We all sit in them, we stand in them, haul lines in them, and have lunch in them. But do we know why a cockpit is what it is? In many boats, the answer is no. Cockpits seam to slouch in as pre-ordained stories. And that’s a shame, because roughly 7 out of the 10 of the design choices in a vessel involve the design and function of a cockpit. Cockpits expose the inner guts of a boat to the elements and bad luck. Soles that are too low can sink a vessel through downflooding. And it’s the cockpit that puts your head up near a swinging boom in a crash gybe.
So with the sailing season winding down, we thought now was a good time to unravel the narratives in cockpits with one of our favorite designs: Azulita, a 24-foot daysailer currently serving her owner with love on Lake Michigan. She’s nothing more than a floating platform for sailing: No cabin. Nothing but air below and places to tuck away gear and sails. Clean, simple, no real systems, and no head.
She’s nothing but the exposed details of why cockpits are what they are.
A pit to get the work done.
It’s sounds simple, but oh boy, does this get forgotten: The cockpit is nothing more than the central place of action and inaction. It is the focal point of where the sailing gets done, and — after the day’s done — a place to watch the sunset over dinner. The need for comfort and down-time in your cockpit is the pride of any owner and crew. Therefore, all the handling lines that matter either must run to a cockpit or be accessed from it. All the people on board need a place to do their jobs in safety and efficiency. And the room for leisure and means to lay into a good time.
Organizing those contrasting functions begins with the basic human form: We all need to stand and sit, hold the tiller and pull the sheets. Our favorite example of the effects of physiology on cockpits is what English design-legend Nigel Irens drew for Dame Ellen MacArthur’s world-beating trimaran B&Q. Even though this was a massively powerful, ocean-going multihull, the cockpit for the 5’ 3” offshore racer was almost preposterously tiny. Far too small for 6-foot-plus tall people, who like their beer too much, like us. There was no place for our butts, our arms and our heads. So on Azulita, a boat for more mortal sailors, we were sure to open up the space for a helmsman, a mainsail trimmer and a few crew.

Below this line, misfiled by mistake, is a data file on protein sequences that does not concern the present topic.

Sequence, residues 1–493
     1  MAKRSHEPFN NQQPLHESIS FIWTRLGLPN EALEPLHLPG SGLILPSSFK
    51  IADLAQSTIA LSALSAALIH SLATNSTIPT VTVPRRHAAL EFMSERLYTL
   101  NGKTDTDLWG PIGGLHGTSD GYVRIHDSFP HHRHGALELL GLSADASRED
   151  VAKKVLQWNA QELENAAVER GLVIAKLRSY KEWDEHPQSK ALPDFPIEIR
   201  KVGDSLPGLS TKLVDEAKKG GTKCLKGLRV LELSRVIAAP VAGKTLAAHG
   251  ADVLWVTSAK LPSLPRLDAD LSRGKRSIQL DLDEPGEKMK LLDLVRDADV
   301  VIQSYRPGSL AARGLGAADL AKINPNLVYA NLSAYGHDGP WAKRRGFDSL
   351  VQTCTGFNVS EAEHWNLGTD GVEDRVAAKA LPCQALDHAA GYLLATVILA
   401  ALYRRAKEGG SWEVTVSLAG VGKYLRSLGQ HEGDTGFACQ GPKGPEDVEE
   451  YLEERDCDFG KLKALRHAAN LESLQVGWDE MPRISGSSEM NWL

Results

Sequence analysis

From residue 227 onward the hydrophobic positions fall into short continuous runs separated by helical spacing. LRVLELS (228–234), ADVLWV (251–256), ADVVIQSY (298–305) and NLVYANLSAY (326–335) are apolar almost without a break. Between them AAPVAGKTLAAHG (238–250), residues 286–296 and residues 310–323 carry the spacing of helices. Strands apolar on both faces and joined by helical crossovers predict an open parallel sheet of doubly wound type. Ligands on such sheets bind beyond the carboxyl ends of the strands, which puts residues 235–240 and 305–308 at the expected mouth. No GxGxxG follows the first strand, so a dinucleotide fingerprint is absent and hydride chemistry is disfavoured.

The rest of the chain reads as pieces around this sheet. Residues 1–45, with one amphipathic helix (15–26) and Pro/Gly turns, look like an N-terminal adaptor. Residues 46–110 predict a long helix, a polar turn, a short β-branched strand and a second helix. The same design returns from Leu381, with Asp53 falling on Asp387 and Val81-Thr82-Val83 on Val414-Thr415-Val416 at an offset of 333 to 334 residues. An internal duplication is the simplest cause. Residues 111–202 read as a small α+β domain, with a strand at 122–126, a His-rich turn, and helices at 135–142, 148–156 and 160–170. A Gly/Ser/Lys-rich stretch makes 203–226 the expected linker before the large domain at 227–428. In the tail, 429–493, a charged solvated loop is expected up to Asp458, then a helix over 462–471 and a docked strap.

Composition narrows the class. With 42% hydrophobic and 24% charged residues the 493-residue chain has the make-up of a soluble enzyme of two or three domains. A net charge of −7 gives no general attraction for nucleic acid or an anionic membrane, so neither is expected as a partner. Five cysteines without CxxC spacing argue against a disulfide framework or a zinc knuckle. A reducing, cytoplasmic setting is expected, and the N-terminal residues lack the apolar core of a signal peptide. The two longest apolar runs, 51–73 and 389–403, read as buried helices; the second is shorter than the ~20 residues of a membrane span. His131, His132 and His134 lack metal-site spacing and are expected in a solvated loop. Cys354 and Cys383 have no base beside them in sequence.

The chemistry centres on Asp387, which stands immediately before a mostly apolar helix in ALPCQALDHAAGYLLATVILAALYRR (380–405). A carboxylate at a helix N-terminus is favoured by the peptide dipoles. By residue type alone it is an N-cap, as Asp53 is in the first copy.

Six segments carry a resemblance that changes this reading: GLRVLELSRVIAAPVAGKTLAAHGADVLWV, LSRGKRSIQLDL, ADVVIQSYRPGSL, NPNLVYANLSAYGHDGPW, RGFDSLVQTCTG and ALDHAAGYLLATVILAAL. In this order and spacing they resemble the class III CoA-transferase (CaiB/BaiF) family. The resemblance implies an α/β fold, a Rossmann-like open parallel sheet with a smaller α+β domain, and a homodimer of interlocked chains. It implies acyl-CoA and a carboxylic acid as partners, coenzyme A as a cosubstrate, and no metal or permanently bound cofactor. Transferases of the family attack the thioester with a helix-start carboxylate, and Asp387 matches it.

That meant Azulita needed wide enough beam, carried well enough aft for all the knees, backrests and places for feet. In fact, Azulita is so committed to maximizing it’s cockpit experience, it grew to become the entire boat.
A floating cockpit.
Once it dawned on us that the DNA of this boat was the cockpit, we were off to the design races: A wraparound coaming — a modern lift from the classics, like the Herreshoff 12 ½ daysailer — provided good protection and backrest comfort. We dug into the ergonomics of how to lead lines and mount the two winches inside that coaming, on the seats themselves. We also kept the jib sheets and tracks inside the cockpit, where they are easy to work. We cut the lifelines, since the cockpit is big and deep and work on deck is so minimal. The boat is so small, that a cuddy cabin detail would have been clutter. Instead, we have simple deck hatches both on the fore and aft decks. Each that accesses the space below.
You probably won’t camp in this boat, though you could. But you will be able to get at everything in this boat. And that’s all part of the all-business, let’s-go-sailing story of Azulita.
Will it bail?
Now, here’s the trick about cockpits: Getting all these different elements of ergonomics, layout, and design philosophy to work in a single functioning real-live 3D space. The clearest example of the offsetting relationships cockpits require is ensuring this boat will drain on its own if ever it took on water of any scale. In other words, what does it take to make Azulita self-bail, no matter what?
Self-bailing is all about getting the right seat and sole heights, and matching them to clean coaming lines to balance out winch, sheet and lead locations to all happen above the water line. Beefy scuppers with seacocks need to have room to breath and flow water back to the sea. Click here to inspect full plans, to see the details.
Note how the sole of the cockpit is raked aft. And then set high enough above the water for good drainage at heeled angles; but still low enough to keep the crew from popping out of the boat aesthetically and physically when heeling. See the balance between the height of sheer, the height of cockpit sole and the height of the seats? And how they must work with the coaming structure, lines, winches and all the rest.
All that makes Azulita a survivable platform in most weather. That’s a pretty slick trick for what is essentially a 24-foot open boat.